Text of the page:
You may have heard the term “legal blindness” and wondered what it really means to be legally blind. We’re here to help you understand this complex—and often misunderstood—term so you know what warning signs to be aware of in your own life.
Keep reading to learn about the technical definition of legal blindness along with its common causes, treatments, and prevention tips.
The Definition of Legal Blindness
Normal or “perfect” vision is 20/20 central visual acuity. Someone is legally blind if they:
- Have 20/200 central visual acuity or worse in their better-seeing eye with the help of prescription glasses or contacts
- Have a visual field of 20 degrees or less
If a person with 20/20 vision can see an object that’s 200 feet away from them, someone with 20/200 vision would only be able to see the same object from 20 feet away. If a person can see clearly while wearing prescription glasses or contacts, they’re not considered to be legally blind.
It’s important to note that there are different levels of blindness. For example, legal blindness doesn’t necessarily equate to total blindness, which is characterized by a complete lack of light and form perception. However, some people who are legally blind are also totally blind.
The vast majority of people who are legally blind do not fall within the threshold of total blindness.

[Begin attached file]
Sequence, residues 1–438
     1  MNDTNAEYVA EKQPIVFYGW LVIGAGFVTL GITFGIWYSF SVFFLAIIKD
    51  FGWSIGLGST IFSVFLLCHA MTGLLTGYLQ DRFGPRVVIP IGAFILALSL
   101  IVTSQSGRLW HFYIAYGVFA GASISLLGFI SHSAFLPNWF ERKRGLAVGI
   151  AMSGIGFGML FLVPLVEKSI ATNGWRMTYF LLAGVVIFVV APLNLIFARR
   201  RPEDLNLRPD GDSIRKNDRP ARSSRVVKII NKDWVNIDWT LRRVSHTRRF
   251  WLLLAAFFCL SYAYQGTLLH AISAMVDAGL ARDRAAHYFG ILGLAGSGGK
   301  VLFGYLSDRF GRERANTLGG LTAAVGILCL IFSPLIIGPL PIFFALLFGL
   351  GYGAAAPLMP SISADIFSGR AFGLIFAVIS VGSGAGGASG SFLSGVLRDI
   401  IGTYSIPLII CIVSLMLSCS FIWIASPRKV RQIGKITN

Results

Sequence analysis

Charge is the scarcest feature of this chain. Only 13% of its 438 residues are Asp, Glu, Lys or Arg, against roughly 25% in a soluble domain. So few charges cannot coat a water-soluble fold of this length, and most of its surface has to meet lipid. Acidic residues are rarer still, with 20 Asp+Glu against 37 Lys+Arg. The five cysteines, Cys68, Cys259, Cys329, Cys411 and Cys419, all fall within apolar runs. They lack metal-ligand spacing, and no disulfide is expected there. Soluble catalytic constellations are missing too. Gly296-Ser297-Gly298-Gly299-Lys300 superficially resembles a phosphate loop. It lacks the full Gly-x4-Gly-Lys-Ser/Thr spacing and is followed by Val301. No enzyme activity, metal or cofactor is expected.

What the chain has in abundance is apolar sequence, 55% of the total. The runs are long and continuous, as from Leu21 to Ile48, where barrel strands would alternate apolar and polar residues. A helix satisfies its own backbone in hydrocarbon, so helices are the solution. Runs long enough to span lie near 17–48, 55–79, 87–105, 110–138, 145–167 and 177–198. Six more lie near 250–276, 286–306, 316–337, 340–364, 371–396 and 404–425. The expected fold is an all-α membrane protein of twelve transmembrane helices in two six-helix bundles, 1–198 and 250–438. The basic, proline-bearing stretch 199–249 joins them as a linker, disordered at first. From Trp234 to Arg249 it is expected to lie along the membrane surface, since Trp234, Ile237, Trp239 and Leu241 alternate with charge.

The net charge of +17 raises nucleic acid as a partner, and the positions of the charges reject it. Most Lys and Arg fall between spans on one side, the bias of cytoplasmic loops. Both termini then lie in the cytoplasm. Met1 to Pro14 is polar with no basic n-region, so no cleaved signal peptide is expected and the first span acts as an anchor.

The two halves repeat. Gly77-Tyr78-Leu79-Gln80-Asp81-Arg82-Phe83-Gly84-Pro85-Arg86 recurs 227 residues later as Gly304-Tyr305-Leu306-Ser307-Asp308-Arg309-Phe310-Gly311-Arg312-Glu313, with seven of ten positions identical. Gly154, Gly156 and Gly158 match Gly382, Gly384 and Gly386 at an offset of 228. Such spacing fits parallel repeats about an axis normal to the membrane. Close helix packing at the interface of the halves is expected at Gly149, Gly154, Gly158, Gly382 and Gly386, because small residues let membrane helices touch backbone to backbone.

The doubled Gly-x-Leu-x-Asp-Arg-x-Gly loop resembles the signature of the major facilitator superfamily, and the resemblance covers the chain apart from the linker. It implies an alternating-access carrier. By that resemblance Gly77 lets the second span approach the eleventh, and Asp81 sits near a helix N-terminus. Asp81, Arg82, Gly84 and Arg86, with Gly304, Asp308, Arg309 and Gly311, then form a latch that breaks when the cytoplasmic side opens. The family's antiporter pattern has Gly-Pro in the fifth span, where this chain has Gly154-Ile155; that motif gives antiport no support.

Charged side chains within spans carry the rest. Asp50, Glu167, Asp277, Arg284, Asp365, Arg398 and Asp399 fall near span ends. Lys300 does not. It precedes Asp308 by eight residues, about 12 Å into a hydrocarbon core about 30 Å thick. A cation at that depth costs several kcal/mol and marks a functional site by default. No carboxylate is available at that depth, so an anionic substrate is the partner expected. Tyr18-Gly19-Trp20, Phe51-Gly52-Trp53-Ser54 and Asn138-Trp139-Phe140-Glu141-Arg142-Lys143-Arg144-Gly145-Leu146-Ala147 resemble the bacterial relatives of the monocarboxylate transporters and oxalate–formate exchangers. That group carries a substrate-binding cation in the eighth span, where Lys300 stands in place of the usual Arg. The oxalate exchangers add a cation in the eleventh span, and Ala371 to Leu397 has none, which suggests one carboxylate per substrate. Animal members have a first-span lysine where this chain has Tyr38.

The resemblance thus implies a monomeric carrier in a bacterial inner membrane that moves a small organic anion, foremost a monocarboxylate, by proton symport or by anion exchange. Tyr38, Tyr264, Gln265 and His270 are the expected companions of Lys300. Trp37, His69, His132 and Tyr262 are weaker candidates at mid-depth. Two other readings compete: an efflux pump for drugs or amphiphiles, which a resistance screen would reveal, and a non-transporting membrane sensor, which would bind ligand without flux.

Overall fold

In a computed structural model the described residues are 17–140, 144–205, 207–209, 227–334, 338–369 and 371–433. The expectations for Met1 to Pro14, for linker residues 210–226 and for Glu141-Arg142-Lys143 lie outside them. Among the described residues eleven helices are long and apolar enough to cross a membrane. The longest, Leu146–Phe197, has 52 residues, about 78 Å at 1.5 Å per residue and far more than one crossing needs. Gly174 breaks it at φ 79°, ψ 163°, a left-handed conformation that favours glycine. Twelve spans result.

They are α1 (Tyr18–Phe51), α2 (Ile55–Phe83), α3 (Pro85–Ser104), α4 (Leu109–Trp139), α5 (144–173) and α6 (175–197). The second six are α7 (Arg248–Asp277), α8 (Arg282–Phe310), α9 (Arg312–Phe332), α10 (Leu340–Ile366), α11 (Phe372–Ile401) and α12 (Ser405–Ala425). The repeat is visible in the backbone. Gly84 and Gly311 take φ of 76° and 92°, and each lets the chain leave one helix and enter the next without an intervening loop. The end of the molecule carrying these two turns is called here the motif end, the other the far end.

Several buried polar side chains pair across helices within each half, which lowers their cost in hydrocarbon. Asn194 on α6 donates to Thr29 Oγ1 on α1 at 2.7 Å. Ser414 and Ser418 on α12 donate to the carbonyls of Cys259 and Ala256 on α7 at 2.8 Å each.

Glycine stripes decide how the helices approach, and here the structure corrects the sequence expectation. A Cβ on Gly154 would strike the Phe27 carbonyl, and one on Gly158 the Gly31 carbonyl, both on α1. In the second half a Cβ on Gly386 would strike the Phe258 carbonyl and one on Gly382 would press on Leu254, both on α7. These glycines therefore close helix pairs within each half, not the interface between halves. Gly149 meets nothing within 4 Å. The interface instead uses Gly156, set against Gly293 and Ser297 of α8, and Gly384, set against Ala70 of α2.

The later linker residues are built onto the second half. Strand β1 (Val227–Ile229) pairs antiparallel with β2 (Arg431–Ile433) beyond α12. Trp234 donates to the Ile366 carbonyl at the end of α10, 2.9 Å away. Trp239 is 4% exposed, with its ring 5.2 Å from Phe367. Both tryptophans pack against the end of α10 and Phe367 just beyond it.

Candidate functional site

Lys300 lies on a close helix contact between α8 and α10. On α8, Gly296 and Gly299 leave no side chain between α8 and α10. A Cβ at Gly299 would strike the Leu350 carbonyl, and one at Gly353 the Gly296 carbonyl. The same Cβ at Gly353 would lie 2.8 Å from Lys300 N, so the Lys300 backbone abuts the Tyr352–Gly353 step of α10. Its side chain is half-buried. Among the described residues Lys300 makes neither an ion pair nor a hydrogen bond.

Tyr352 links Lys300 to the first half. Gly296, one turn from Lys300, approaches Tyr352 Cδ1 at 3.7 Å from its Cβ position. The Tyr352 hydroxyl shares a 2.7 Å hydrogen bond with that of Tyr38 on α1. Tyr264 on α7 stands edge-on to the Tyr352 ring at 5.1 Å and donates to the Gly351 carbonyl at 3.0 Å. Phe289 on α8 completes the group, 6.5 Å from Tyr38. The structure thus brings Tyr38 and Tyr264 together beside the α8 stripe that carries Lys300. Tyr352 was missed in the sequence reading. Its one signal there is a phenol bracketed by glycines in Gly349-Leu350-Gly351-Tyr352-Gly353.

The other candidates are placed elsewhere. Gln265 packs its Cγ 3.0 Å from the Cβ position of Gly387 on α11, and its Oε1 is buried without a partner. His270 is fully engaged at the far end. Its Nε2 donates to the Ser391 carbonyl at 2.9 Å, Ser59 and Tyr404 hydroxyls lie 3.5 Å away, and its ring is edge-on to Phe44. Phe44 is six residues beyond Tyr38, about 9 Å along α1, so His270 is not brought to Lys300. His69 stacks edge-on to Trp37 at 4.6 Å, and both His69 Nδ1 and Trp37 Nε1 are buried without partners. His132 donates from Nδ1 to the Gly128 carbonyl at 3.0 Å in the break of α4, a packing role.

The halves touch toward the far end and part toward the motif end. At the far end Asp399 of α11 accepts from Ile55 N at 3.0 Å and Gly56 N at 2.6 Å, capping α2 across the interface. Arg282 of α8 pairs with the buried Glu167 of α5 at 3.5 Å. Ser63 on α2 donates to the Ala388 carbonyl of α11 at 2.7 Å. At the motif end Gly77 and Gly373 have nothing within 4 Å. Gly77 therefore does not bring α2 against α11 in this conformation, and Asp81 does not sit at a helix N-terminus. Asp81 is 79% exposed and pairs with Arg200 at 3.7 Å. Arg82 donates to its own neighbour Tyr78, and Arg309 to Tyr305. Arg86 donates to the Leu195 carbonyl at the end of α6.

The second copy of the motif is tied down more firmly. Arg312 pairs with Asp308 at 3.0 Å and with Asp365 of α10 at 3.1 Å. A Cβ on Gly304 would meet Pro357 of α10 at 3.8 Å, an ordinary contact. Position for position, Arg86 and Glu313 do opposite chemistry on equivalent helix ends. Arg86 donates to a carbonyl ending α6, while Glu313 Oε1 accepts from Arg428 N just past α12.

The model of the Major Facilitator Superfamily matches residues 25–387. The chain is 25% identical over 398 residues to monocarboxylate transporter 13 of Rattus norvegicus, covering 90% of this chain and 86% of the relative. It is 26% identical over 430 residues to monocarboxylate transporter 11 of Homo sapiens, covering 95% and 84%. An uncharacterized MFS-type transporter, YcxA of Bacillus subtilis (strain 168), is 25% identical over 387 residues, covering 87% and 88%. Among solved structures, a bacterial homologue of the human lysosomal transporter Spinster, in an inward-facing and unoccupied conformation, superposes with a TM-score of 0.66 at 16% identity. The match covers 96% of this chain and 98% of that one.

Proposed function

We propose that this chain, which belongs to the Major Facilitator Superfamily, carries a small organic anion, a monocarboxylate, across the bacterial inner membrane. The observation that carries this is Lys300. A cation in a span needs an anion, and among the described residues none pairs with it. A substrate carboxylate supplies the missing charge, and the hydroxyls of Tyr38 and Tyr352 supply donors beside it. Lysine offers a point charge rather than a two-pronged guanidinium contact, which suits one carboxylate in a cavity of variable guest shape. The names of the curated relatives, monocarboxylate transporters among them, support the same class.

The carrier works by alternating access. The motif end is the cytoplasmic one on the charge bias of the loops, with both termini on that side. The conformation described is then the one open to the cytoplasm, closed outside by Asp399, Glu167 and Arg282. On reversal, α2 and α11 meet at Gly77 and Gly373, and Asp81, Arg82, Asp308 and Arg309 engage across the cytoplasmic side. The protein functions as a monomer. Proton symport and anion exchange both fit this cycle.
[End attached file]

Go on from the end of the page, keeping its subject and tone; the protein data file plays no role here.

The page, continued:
The U.S. government uses this definition of legal blindness to determine eligibility for things like federal disability benefits, driving privileges, rehabilitative care, school and workplace accommodations, low vision devices, and tax exemption programs. Doctors use this definition to determine candidacy for various vision treatments, like medication and surgery.
3 Tests That Are Used to Diagnose Legal Blindness
Optometrists and ophthalmologists use these three methods to test for legal blindness in patients.
Snellen Eye Chart
Even if you’ve never been to the eye doctor, you could probably recognize a Snellen eye chart. It features a series of black capital letters that decrease in size as you move down the chart. As a result, the letters at the bottom are the most difficult to read. Someone who is legally blind can only read the top letter on the chart.
Your doctor will have you cover one eye at a time and read the lowest row of letters so that you can measure your visual acuity in each eye. This test helps your doctor determine if you need prescription glasses or contacts or if you need a new prescription for the glasses or contacts you already wear.
Confrontational Visual Field Test
A confrontational visual field test is another way that eye doctors measure visual acuity. As the doctor sits in front of you, he or she will hold up a series of fingers in various positions to test all four quadrants in your visual field—particularly your peripheral vision. You will cover one eye at a time and recite the number of fingers you see. If you struggle to detect the number of fingers being shown, you may be legally blind.
Comprehensive Eye Exams
A comprehensive eye exam uses a series of tests to measure your visual acuity and detect common eye diseases and conditions that could lead to legal blindness. If you have one of those vision conditions, you face a greater risk of losing your vision and becoming legally blind—if the condition goes unchecked.